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The EU’s Margrethe Vestager defends punishing Apple and Google: “No company is above the law”

The EU’s competition chief Margrethe Vestager is arguably doing more to curtail the power of American tech giants than anyone else on the planet.

In recent months, she has levied a multi-million and multi-billion euro fine against Facebook and Google respectively, and ordered Ireland to collect billions of euros of tax from Apple.

These decisions have not proved popular across the Atlantic. Apple’s CEO Tim Cook described Vestager’s ruling as “total political crap” and enlisted the support of the Trump administration in the company’s appeal.

But today, in a speech at Web Summit – Europe’s biggest technology conference – Vestager hit back at her detractors, launching an impassioned defence of the EU’s competition law. Here are the key talking points.

The EU’s €2.42bn fine against Google will “drive forward” competition

Vestager began with a story about two AI sumo wrestlers learning to wrestle. They had picks up the skills of the sport not by being taught, but by competing with each other: “That is what competition does. It makes us learn,” she said. “It makes us do something we didn’t imagine we could do beforehand. And that means it is a problem when powerful companies which dominate the market decide to use their power to close down competition because that can end up closing the door to innovation.”

Moments later, Vestager turned her attention to Google: “When Google discovered that its comparison shopping service wasn’t doing very well, [it] was free to compete by improving its services. It was their choice to do so. But they did something else. […] It started to show its own comparison shopping service at the top of the first page of search results, while demoting rivals so on average they only appeared on page four. […] That comes in the way of innovation.”

She added that the decision to fine Google €2.42bn for the alleged breach of competition law would “drive [competition] forward”: “Competition law enforcement can help show that no company is above the law. No company has the right to close down competition to disable the innovation of each and every one of you.”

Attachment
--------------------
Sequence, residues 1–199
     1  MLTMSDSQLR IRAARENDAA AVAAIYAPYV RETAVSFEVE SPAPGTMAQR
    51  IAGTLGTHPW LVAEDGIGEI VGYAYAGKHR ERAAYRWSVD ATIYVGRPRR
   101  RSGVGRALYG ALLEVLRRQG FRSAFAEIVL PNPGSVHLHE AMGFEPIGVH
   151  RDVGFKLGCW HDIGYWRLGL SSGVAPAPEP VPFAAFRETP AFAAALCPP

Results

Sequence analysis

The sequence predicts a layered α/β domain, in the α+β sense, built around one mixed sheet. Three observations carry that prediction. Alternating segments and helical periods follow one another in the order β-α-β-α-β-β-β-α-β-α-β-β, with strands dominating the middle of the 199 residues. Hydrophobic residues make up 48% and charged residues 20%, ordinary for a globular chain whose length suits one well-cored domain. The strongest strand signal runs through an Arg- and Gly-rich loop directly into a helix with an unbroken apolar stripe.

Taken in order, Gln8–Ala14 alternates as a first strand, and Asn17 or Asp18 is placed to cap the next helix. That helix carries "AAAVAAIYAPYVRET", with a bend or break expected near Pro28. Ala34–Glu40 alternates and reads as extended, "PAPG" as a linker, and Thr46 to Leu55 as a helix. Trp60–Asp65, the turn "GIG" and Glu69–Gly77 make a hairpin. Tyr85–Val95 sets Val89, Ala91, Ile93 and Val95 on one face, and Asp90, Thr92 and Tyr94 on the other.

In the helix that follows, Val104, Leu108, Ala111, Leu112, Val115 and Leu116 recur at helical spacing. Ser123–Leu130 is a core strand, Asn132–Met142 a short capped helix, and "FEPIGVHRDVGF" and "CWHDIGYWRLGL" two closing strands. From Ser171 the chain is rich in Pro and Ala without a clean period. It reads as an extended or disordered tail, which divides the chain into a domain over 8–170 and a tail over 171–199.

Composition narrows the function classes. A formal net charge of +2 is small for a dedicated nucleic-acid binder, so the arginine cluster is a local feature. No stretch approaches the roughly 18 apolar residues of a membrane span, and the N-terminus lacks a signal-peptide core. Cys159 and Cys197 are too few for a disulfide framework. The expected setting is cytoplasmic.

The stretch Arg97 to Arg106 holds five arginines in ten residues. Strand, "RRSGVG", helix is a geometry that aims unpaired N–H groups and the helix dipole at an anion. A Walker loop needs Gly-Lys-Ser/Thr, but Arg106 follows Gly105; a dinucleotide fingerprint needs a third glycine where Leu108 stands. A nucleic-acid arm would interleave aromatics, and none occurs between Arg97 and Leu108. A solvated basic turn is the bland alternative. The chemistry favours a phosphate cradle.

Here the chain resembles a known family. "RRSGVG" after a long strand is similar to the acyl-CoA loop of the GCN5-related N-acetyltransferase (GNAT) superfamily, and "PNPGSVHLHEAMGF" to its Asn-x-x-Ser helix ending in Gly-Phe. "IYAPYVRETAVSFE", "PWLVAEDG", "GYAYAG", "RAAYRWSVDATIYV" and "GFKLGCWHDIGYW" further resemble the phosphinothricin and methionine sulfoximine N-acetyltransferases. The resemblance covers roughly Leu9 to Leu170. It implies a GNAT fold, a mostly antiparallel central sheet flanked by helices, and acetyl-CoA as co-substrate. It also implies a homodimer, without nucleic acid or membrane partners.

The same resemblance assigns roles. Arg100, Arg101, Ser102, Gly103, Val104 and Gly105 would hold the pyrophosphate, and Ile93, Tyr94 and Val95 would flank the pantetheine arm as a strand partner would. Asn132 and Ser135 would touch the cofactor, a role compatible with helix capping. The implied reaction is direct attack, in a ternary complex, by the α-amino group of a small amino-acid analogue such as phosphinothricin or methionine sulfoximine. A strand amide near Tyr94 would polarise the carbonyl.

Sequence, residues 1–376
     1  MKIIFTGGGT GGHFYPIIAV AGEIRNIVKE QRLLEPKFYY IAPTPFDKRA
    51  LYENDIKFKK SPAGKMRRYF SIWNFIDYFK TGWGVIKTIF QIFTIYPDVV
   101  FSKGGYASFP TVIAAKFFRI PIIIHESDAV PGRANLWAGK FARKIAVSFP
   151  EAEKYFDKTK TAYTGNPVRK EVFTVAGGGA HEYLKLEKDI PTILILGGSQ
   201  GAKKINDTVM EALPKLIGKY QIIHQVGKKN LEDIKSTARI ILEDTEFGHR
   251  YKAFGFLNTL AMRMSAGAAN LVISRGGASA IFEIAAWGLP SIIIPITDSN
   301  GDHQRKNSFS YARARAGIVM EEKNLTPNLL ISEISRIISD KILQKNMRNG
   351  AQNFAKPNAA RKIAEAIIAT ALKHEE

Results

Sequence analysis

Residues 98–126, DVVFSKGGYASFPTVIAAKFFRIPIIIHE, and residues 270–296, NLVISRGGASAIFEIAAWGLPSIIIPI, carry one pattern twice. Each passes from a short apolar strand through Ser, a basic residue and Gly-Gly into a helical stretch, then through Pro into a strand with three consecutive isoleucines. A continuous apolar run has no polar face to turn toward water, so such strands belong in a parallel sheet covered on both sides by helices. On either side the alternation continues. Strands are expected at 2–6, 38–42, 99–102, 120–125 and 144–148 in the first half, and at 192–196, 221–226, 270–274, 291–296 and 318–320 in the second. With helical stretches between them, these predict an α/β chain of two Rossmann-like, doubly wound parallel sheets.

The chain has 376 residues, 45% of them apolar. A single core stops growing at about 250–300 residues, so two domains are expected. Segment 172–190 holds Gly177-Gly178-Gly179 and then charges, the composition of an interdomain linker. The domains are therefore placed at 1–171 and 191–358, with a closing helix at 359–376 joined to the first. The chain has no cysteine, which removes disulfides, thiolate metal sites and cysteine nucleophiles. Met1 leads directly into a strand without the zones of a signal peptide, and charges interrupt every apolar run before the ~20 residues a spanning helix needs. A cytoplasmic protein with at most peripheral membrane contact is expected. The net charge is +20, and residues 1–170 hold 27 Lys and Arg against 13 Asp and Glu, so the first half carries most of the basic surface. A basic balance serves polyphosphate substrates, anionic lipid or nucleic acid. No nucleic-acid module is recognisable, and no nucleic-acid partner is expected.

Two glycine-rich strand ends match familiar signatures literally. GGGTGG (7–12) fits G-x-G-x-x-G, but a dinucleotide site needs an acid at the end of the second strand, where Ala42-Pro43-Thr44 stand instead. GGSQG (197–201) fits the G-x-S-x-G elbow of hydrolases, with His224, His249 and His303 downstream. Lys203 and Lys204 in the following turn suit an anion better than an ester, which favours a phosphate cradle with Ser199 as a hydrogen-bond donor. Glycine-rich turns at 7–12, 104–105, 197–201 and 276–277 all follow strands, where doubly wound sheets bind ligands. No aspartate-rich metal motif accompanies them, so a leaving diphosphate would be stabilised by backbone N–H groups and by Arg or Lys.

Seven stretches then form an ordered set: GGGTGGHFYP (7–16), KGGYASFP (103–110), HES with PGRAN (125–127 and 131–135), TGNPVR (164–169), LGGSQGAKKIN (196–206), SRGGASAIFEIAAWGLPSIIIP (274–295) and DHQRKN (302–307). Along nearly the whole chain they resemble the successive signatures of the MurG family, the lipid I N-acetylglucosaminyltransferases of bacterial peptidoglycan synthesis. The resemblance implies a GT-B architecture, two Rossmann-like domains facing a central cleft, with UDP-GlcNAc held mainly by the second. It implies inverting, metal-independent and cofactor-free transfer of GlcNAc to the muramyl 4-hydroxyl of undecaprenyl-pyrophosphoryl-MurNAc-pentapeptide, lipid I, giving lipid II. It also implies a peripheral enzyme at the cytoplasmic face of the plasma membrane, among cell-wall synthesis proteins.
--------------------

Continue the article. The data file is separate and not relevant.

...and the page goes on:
“If data does become an obstacle to competition, we’ll be there”

Vestager reminded the audience that the EU approved Microsoft’s acquisition of LinkedIn for $26.2bn last year. But she warned that the commission would be vigilant to companies that seek to undermine competition by hoarding data: “If data does become an obstacle to competition, we’ll be there and we will try to do our best to stop it to allow for competition.”

Governments warned against giving companies “selective tax treatment”

It’s not just businesses that have fallen foul of competition rules in recent months. The EU is taking Ireland to court over its failure to collect 13 billion euros from Apple after it was accused of giving the company special tax treatment. Vestager didn’t name the case, but instead criticised all governments that give select companies fiscal advantages:

“When a government gives a special selective tax treatment to just a few companies – selective treatment that is not available to the huge majority of businesses that just pay their taxes – well that makes it more difficult to compete on equal terms. That’s why we have taken action against selective tax benefits, to make sure that not just most companies pay their taxes, but that all companies pay their taxes.”